After the Rebellion
For the following material we turned to the Prince Albert Daily Herald of August 17, 1965 and a clipping from a newspaper, which we cannot identify. The direct quotes, from the mystery publication, came under a section called "Familiar Faces", and the story was entitled "Vividly Recalls Riel Rebellion." In 1965 Mr. & Mrs. Gilbert Bear celebrated their sixty- fifth anniversary at the ages of eighty-nine and eighty-four years, respectively. At the celebrations were ten of their children. They had, at that time, thirty-two grandchildren and twenty-nine great grandchildren, including fourteen sets of four generations. Gilbert's story shows not only a life of many varied interests and achievements, but also the changes that the Rebellion brought into people's lives.
LIVING IN TROUBLED TIMES
Painted Indians and gallant Red Coats who fought bravely in the Riel Rebellion of 1885 still remain a vivid picture in the memory of Gilbert Bear of the John Smith Indian Reserve. Mr. Bear, now in retirement, was only 10 years old when the uprising started. He was attending an Indian Training School at Battleford, where he was being taught the rudiments of carpentry.
Rumors of the rebellion had been circulating two or three months before the outbreak, he said, and when it finally came, the parents of children attending the school took their charges h o m e. His parents, however, were not able to reach the school. "I was all alone and very afraid," Mr. Bear recalled, "until an Indian smeared with war paint took me to Little Cutknife Hill where a group of women and children had gathered to be out of the line of fire." From the hill they had a bird's eye view of the battle whose bugle calls, rifle shots and smoke have always been remembered by the aging Indian. The fight continued until General Middleton arrived with reinforcements and the Indians had to retreat.
Although many persons were killed in the battle, Mr. Bear remembers particularly two Indians who were brought lifeless to the hill. They were buried in a teepee built by their friends Who then sealed it so that no wild animals could get in. After the retreat the North West Mounted Police made the Indian school their barracks, A Galling gun was set up in a nearby field, trenches won constructed and holes were punched in the walls of tin building. Rifles were in readiness at all times, but the Indians did not attack. When the police left, their makeshift barracks was converted into a school again.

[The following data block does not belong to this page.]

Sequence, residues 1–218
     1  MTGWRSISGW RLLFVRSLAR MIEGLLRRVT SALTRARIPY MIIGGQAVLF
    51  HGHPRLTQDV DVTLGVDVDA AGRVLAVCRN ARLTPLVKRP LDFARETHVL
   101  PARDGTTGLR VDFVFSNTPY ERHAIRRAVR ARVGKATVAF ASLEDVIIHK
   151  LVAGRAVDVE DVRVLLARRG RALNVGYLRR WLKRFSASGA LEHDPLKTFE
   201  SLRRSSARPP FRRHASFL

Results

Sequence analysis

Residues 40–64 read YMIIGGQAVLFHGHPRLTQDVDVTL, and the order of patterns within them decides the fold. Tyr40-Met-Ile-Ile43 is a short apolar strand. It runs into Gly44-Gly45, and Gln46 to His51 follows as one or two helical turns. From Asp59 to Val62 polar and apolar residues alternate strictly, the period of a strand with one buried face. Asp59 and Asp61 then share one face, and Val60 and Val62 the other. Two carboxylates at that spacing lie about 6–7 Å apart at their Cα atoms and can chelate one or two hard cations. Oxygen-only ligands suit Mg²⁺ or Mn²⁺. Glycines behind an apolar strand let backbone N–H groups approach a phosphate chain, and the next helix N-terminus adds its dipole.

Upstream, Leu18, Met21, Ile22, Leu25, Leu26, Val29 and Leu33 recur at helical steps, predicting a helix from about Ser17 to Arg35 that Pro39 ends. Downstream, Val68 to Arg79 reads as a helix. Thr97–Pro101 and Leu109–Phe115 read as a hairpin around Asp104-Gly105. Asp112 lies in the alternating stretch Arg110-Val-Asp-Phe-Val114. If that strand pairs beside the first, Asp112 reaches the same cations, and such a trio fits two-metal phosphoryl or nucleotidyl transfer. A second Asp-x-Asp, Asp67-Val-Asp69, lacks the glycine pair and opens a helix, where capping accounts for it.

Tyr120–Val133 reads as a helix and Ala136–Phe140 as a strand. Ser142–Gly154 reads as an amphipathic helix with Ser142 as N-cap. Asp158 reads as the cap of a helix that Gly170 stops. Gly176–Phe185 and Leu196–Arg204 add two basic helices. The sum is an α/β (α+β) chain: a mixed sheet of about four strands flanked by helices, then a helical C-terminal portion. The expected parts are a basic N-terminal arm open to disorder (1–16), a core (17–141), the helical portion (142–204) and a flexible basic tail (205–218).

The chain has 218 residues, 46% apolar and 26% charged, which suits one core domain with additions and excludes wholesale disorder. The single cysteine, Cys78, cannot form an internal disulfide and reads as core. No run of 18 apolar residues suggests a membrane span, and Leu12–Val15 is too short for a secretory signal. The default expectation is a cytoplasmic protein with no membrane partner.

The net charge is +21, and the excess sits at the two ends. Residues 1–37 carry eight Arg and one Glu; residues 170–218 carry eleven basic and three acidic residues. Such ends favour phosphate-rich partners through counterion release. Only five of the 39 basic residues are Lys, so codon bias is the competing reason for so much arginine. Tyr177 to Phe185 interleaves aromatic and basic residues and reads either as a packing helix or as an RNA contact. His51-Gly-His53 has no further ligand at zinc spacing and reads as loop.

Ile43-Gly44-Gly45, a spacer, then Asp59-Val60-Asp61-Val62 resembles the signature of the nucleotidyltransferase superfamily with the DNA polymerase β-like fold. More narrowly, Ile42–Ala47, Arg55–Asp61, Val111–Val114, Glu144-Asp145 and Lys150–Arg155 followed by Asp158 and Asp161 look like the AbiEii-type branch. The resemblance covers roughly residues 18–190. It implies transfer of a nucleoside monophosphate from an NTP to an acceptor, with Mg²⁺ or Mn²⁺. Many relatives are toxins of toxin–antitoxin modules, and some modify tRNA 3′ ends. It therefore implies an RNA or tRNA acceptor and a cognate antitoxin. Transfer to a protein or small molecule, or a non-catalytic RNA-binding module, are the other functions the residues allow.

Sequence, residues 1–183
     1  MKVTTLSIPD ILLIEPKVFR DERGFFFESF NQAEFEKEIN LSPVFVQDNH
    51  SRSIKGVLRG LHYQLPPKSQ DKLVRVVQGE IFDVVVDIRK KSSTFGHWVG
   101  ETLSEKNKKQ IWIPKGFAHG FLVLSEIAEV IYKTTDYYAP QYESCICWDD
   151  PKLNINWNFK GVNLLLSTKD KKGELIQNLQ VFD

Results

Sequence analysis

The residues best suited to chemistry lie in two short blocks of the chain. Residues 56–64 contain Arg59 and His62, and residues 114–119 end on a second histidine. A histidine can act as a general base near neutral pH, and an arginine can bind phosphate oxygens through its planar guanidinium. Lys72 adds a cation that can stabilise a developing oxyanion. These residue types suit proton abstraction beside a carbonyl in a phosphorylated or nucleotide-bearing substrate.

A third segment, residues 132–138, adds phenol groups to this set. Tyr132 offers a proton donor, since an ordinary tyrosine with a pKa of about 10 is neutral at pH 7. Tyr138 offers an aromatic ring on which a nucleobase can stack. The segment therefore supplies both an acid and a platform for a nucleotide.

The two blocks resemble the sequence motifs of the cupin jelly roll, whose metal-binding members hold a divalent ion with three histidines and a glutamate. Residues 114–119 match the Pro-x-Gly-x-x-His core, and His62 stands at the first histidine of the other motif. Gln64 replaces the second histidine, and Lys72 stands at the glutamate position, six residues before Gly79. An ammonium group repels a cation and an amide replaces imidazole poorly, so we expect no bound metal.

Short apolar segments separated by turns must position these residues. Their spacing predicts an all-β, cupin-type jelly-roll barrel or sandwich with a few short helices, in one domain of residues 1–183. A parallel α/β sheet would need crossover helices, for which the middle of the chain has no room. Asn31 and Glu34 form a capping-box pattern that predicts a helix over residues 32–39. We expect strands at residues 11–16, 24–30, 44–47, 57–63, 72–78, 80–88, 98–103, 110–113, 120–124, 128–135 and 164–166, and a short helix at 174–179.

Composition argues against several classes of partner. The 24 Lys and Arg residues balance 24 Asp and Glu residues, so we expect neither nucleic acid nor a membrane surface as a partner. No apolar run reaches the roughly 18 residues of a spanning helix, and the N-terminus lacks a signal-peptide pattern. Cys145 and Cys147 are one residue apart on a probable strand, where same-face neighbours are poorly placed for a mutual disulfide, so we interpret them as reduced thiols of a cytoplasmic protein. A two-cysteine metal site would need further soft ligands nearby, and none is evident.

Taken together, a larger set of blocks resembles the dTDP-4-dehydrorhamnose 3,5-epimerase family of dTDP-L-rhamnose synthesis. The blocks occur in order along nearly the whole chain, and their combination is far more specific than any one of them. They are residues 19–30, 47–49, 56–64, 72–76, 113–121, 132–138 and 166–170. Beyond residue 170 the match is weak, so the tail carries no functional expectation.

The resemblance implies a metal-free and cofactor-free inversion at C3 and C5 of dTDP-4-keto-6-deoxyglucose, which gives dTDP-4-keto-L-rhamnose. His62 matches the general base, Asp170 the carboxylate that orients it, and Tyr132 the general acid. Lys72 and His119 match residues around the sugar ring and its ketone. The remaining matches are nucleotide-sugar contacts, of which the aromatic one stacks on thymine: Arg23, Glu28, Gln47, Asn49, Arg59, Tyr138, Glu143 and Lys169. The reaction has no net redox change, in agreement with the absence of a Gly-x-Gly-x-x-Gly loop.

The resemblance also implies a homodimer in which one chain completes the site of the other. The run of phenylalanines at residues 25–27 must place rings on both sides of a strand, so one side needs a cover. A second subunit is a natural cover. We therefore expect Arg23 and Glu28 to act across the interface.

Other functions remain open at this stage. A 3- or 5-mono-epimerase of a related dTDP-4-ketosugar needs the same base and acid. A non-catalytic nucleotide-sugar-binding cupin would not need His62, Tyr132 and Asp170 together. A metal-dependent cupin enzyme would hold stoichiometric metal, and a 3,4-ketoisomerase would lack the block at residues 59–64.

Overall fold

Indians of the John Smith and La Come reserves did not join the rebels from the Duck Lake reserve in the rebellion. Mr. Bear said half - breeds talked the latter Indians into joining them, but this was a very foolish venture.
Although skilled in carpentry, Mr. Bear's first job was as a printer with the Saskatchewan Herald, the first paper printed in the North West Territories. He attended the Chicago world's fair in 1893 and helped run the Indian exhibit there. Two years later the then Prime Minister MacKenzie Bowen stopped at The Herald, saw Mr. Bear's work and immediately offered him a job as printer for the Ottawa Citizen. The Indian accepted but returned to the reserve three years later to take up the carpentry trade. He assisted in construction of the Lacroix, Fayerman and Holmes blocks in Prince Albert. He was married in 1900 and still lives in the home built by him. Mr. and Mrs. Bear have 12 children, all of whom are still living.
His advice to Indians: Get out into civilization and mingle with the whites. An Indian won't accomplish much by staying on the reserve, because there's not enough land for everybody. The only way they as a people can better themselves is to take many of the advantages offered by the whites, such as education. 11